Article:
But when the states took over and expanded access for the general public, governments often couldn’t get out of their own way. Long lines of cars queued in stadium or school parking lots ran out of vaccines by midday. People registered, as they were told, on a crazy-quilt of uncoordinated government-run websites and languished for weeks without word of when or where they’d get their shots.
It wasn’t until pharmacy chains became primary dispensers of the vaccines that those seeking vaccinations could dispense with the tax-supported bumbling and get a shot. Supply at last began to match demand. “Vaccine tourism” — people traveling for hours to other parts of their own states or even to other states to get vaccinated — became a thing.
By April, vaccinations at your neighborhood apothecary were easy, and those who wanted them were able to get them. However, a year of flawed and often contradictory messaging about masking from the nation’s leading governmental health authorities failed to inspire confidence among many Americans. That made it possible to politicize and misrepresent basic biological science and allow crackpot vaccine conspiracy claims and outright lies to find an audience. Yes, evidently there are people willing to believe microchips can take liquid form and be injected into humans via a hypodermic needle and syringe.
It doesn’t help that the authoritative Centers for Disease Control and Prevention, squarely in the limelight throughout, has repeatedly sowed doubt and confusion by changing direction with the frequency of a weathervane. As late as last month, the agency scrapped mask recommendations for the vaccinated to incentivize people to get the shot. Then it abruptly reversed course two weeks ago, reimposing its universal masking recommendation for everyone in public indoor venues out of concern for the spreading Delta variant.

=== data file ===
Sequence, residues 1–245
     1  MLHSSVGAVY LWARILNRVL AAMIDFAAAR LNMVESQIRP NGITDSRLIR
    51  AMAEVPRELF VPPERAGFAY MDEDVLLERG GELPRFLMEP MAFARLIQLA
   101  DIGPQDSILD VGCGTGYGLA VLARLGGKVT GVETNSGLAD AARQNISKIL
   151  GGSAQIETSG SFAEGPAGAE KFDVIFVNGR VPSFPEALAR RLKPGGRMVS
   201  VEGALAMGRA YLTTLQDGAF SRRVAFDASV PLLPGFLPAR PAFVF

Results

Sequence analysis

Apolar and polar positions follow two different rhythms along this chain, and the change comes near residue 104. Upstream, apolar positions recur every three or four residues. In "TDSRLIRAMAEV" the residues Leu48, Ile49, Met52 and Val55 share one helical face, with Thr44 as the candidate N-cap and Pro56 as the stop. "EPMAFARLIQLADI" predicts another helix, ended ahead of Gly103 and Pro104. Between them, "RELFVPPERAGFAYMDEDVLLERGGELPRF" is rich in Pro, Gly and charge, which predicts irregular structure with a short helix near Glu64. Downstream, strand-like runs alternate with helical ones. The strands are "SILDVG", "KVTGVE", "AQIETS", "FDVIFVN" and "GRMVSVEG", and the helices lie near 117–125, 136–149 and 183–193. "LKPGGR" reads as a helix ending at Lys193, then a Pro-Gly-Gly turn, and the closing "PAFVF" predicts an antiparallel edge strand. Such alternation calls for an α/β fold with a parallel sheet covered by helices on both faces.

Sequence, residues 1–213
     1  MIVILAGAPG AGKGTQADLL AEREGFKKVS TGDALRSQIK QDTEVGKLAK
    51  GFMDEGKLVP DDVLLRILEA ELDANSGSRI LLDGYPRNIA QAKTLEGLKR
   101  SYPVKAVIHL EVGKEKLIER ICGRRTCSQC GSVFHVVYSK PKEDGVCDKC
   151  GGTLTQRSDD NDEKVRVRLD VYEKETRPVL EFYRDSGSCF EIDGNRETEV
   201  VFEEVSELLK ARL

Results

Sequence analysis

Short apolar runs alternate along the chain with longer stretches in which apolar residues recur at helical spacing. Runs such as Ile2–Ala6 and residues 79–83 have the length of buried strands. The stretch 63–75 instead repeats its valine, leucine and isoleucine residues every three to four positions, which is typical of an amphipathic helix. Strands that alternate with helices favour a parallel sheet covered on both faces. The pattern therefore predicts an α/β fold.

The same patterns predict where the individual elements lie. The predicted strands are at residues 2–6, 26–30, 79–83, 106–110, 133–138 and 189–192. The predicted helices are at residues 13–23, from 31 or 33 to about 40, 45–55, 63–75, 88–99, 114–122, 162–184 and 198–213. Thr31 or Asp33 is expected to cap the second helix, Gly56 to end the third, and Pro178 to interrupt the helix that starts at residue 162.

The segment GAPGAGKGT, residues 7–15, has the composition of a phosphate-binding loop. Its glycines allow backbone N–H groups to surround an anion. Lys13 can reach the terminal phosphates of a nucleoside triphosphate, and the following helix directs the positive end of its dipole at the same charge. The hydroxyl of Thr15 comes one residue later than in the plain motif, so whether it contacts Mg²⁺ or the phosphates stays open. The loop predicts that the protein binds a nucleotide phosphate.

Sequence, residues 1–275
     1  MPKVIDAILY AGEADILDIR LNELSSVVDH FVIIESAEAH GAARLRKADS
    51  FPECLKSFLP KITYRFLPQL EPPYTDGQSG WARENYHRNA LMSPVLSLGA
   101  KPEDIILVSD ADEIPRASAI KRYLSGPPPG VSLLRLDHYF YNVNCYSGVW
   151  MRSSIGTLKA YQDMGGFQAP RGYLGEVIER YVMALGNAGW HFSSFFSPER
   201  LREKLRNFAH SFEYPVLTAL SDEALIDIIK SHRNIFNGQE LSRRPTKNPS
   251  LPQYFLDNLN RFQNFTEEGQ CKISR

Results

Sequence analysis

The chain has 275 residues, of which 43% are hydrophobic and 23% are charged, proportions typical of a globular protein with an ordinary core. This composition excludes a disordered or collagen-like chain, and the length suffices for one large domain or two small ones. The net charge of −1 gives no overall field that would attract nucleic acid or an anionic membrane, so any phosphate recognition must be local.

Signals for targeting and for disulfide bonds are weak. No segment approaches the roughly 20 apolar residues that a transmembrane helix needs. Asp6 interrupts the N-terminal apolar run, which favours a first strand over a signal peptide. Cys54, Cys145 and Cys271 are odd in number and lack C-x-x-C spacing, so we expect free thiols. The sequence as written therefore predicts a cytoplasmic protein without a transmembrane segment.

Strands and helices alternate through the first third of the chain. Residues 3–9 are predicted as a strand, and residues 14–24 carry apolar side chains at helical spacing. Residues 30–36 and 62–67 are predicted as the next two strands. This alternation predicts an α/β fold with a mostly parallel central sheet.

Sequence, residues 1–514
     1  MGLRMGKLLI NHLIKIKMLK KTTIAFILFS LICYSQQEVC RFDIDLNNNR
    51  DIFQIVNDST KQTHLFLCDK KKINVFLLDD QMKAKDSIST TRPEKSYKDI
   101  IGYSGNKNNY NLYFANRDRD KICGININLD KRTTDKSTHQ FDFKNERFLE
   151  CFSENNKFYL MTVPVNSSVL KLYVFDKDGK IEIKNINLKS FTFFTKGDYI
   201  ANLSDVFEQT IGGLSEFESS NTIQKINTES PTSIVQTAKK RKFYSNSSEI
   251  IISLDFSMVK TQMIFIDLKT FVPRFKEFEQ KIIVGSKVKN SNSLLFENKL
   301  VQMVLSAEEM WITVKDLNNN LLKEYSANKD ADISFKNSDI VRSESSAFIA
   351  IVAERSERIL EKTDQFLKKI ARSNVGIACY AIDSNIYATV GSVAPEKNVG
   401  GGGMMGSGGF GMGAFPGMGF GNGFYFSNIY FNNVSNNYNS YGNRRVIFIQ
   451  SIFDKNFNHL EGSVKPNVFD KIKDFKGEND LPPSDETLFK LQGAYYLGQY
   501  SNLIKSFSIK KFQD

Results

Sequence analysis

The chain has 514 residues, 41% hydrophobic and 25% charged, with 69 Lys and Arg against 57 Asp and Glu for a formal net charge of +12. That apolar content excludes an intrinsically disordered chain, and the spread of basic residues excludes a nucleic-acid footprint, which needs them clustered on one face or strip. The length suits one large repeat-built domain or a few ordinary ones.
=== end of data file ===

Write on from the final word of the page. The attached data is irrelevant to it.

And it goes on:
With summer now bending toward fall, the nation faces an uncertain future from a far more virulent and communicable coronavirus mutation overspreading the South. But for millions of Americans, that fear exists alongside the threat of being evicted from their apartments just in time for winter.
For the most part, governments have done an abysmal job getting the $46 billion in federal Emergency Rental Assistance Program payments into the hands of desperate tenants. Through June, only 10 percent of the money had been distributed. Just 15 states had distributed 10 percent or more of the federal rent-relief funds, and none did it better than Virginia.
From Jan. 1 through June 30, Virginia’s Department of Housing and Community Development distributed $223.2 million, or 43 percent, of its $524 million federal ERAP allocation, according to U.S. Treasury Department data. That was the best rate in the United States, well ahead of second-place Texas at 34 percent.
By July 14, Virginia had increased its distribution to $311.8 million, serving more than 48,514 rent-paying households and an additional 541 households who received mortgage relief payments. The average payment per recipient was $6,286, said DHCD spokeswoman Alexis Carey.
So credit government where it’s due in expediting the work of keeping Virginians devastated by a pandemic from becoming homeless. It also sustains landlords and property owners who have loans to service and bills and taxes they must pay to stay in business.
If we ever get to the point where this plague really is over, when enough people have done the right thing and gotten the vaccine, when masks are just an ugly memory of an awful time, then Virginia’s good work in keeping roofs over people’s heads might be looked back upon as government’s best act.